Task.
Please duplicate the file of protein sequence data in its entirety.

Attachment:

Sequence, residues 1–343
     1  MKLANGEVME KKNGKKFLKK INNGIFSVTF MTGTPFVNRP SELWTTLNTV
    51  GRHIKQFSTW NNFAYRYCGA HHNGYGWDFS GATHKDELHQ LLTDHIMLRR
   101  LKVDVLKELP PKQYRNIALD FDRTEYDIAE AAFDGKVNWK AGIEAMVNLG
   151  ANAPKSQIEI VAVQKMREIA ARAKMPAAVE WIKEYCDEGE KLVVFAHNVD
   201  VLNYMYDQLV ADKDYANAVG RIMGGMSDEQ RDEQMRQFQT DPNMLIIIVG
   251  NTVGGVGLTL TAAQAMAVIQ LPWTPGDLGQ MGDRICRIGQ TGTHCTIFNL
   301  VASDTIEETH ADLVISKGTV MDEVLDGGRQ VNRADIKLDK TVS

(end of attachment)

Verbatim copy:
Sequence, residues 1–343
     1  MKLANGEVME KKNGKKFLKK INNGIFSVTF MTGTPFVNRP SELWTTLNTV
    51  GRHIKQFSTW NNFAYRYCGA HHNGYGWDFS GATHKDELHQ LLTDHIMLRR
   101  LKVDVLKELP PKQYRNIALD FDRTEYDIAE AAFDGKVNWK AGIEAMVNLG
   151  ANAPKSQIEI VAVQKMREIA ARAKMPAAVE WIKEYCDEGE KLVVFAHNVD
   201  VLNYMYDQLV ADKDYANAVG RIMGGMSDEQ RDEQMRQFQT DPNMLIIIVG
   251  NTVGGVGLTL TAAQAMAVIQ LPWTPGDLGQ MGDRICRIGQ TGTHCTIFNL
   301  VASDTIEETH ADLVISKGTV MDEVLDGGRQ VNRADIKLDK TVS